- As far as traditional 1v1 N64 fighting games go for the system (including KI Gold, which I own on Rare Replay), this one is the absolute best. How this series ended after just two games I'll never know but I bet it has something to do with dumb-dumbs like me who didn't give it a fair shake back in the day simply because it didn't play like Street Fighter or Tekken. Had I not been a closed-minded fool way back then, I could have enjoyed one of the most unique and addictive games on the system. In recent years, I decided to give the series another go and chose the sequel since I heard it was very similar than the first game with minor improvements (think Tekken 2) and was completely blown away with the point system I shunned so heavily in my childhood.
Gone is the "best 2 of 3 rounds" rule that seems to be a requirement for just about every other fighting game. It's all about racking up points and how much you earn depends on how you ended the round and they're all customizable. I love this because it always keeps things intense and always keeps you in the fight. For example, your opponent can be punishing you for most of the round but you can still counter a punch and throw them to the ground for an easy 2 points but be careful because the opponent can do the exact same thing to you. I'll admit some of the characters are a little on the generic side (Saeki is a Ryu clone and there's a ninja in the game brilliantly named Ninja) but they all have very unique fighting styles with a healthy amount of special moves and combos (with unlockable moves to boot!). My favorite thing about the game, however, has to go to Fighter Arena, a mode where you choose one of the characters to go through a board game and fight the other characters for stat upgrades. These stat-boosted characters can be used in all other modes of the game, too, and using a fully powered up Saeki (which I named Envy EX
) to outright destroy the competition was just a joy to experience. Outside of that and the 1P mode, there's a standard versus mode, a survival mode, a time attack mode and an interesting Rodeo mode where you have to keep yourself in the ring against a fighting cow for as long as possible. Yes there is a fighting cow in this game and she is an unlockable character. If that doesn't sell the game to you I don't know what will. Don't be like younger me. Pick this one up and experience a fighting game the likes you've never seen before.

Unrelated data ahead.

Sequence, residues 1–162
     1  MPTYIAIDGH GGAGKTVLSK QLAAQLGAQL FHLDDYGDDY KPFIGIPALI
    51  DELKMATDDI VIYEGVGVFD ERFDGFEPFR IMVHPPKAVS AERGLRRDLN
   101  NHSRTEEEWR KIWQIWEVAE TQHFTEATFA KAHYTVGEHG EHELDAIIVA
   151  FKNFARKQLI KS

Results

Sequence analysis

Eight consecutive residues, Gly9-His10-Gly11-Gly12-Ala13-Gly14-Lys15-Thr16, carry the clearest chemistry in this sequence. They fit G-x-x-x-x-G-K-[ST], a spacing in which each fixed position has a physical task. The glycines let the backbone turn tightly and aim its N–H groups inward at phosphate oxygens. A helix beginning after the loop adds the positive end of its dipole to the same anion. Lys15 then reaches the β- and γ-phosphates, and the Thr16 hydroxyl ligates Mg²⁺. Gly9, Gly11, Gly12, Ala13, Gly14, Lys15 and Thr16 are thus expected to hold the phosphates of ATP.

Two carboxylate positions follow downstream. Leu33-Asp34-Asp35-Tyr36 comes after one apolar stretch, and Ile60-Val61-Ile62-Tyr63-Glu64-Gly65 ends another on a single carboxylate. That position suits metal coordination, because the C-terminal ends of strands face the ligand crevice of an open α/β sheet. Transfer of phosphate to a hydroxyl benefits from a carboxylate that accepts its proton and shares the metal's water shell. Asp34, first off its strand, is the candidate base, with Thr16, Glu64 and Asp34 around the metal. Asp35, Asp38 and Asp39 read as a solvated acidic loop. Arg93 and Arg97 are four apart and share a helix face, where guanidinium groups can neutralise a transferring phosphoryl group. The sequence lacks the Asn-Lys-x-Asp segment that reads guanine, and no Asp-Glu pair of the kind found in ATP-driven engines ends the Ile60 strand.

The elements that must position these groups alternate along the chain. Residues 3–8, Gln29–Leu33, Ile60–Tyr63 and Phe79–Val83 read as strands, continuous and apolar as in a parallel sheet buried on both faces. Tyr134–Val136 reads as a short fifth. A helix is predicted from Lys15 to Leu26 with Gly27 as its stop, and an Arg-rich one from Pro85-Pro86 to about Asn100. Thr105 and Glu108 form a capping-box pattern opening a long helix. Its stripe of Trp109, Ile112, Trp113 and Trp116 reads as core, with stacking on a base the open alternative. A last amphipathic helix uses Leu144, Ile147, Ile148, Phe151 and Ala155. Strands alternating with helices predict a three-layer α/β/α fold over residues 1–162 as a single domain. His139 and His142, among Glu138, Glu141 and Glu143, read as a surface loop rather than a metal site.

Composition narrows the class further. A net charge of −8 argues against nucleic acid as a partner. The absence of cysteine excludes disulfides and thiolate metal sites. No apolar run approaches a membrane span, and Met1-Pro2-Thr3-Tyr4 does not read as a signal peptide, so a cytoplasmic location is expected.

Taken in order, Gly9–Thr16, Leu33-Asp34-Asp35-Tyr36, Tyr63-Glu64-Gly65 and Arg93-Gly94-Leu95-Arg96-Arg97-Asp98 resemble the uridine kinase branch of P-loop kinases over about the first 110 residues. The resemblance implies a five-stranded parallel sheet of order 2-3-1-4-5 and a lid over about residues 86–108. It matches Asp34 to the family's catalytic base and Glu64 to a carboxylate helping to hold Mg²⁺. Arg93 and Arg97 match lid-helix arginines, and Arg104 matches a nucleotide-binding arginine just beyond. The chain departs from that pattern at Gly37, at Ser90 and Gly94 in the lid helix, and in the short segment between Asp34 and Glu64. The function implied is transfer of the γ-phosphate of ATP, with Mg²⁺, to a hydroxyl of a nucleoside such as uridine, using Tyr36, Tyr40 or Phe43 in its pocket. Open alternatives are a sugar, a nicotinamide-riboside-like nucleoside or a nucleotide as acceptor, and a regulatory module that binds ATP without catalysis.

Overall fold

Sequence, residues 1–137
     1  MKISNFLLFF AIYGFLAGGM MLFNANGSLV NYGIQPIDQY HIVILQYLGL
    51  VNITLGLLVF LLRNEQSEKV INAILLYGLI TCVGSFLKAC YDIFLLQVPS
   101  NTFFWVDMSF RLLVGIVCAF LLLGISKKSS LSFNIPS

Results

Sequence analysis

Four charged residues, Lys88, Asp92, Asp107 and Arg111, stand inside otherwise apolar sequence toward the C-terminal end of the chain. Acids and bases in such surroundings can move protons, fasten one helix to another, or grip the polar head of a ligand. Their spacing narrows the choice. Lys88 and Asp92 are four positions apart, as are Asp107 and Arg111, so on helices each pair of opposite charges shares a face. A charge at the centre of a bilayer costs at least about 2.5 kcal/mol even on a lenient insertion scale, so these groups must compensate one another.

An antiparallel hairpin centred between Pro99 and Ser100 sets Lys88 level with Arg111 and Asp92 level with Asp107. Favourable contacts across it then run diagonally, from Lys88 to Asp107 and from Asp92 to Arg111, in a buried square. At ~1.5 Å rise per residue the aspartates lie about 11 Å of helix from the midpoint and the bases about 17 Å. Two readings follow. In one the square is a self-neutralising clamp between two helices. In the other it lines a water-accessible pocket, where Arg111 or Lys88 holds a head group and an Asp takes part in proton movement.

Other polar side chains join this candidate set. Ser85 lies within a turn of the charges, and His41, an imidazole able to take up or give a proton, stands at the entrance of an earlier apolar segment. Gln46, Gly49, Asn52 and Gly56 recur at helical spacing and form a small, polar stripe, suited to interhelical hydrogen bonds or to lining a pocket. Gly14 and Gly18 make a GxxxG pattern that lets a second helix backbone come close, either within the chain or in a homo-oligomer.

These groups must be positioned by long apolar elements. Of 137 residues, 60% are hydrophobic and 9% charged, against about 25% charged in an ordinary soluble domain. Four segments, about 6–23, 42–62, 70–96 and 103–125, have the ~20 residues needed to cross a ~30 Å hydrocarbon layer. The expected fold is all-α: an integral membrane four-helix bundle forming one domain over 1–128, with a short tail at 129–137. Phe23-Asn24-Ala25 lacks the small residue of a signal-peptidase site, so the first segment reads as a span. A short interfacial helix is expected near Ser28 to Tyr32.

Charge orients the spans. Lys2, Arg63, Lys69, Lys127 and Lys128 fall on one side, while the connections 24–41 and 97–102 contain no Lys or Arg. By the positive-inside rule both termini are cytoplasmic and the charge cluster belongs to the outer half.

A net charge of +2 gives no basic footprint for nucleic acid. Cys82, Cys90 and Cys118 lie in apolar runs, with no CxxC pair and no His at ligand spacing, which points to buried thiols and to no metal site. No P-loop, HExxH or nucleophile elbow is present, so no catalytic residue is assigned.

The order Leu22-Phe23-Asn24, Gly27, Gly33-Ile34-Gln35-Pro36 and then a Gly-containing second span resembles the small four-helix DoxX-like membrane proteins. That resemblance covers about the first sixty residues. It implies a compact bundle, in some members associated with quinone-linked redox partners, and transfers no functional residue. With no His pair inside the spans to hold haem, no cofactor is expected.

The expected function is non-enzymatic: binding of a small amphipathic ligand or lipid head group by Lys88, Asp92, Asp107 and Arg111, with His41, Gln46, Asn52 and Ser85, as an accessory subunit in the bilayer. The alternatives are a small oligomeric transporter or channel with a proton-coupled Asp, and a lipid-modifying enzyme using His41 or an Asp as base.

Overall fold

1. Super... SMAAAAAAAAAASH BROTHERRRRRRRS
- Okay yes I know this could be seen as my #1 a mile away... but where else am I supposed to put a game that keeps me coming back even when I own all of it's sequels which, being honest with myself, are superior in almost every way? I mean nostalgia is strong but nostalgia didn't stop me from disliking Pokemon Blue many years after it's release. No Super Smash Bros. gets the #1 spot because of how well it's aged a decade and a half later. And does anyone else which they still used the bowling pin noises for hits in the later games? That was so satisfying to me and they replaced them with more realistic hits that you hear in just about every other fighting game.
The references to each character's respective games is a real treat especially now that I know more about them (I had no clue who Captain Falcon or Ness were as a kid and had no clue Samus was a woman until reading her bio despite playing a bit of Metroid II before this game). Graphics are still pleasing to the eyes thanks to their bright colors and the levels seem a lot more interesting than most in the series. 1P mode is a blast despite being predictable and the fight against Master Hand at the end can get really intense on higher difficulty levels (plus, who knew a hand could have so much personality?). Even the box art looked cool and I wish the later games would go back to that comic book style. And who could forget the commercial? I'm pretty sure everyone here has seen it at least once, so I'll just leave this instead.
I could go on and on, but the point is this is my #1 pick for a reason. It rocked back then and it rocks now! Viva la Smash Bros.!
On a side note, I actually rented that Beast Wars game as a kid and, believe it or not, I had fun with the game though it should be noted I liked a lot of games I can't stomache today. I even had a song from the game stuck in my head for years until I found it again online.
Of course, I... remember the instrumentation being a lot better than that. This is a song screaming for a cover. Anyway, I've been reading some of the other posts on here and I've definitely got some more games to add to the ol' collection. I've had my eyes on Flying Dragon for years but heard it has some problems in the gameplay department. Is it still worth getting? I also remember playing Deadly Arts once upon a time but found out years later that it's considered one of the worst fighting games the system has to offer. Is that true? Whatever those answers might be, I'm glad this topic has opened up. It may have not had Marvel vs. Capcom or Tekken 2 but the N64 puts up more of a fight (heheheh...) in this genre than many realize.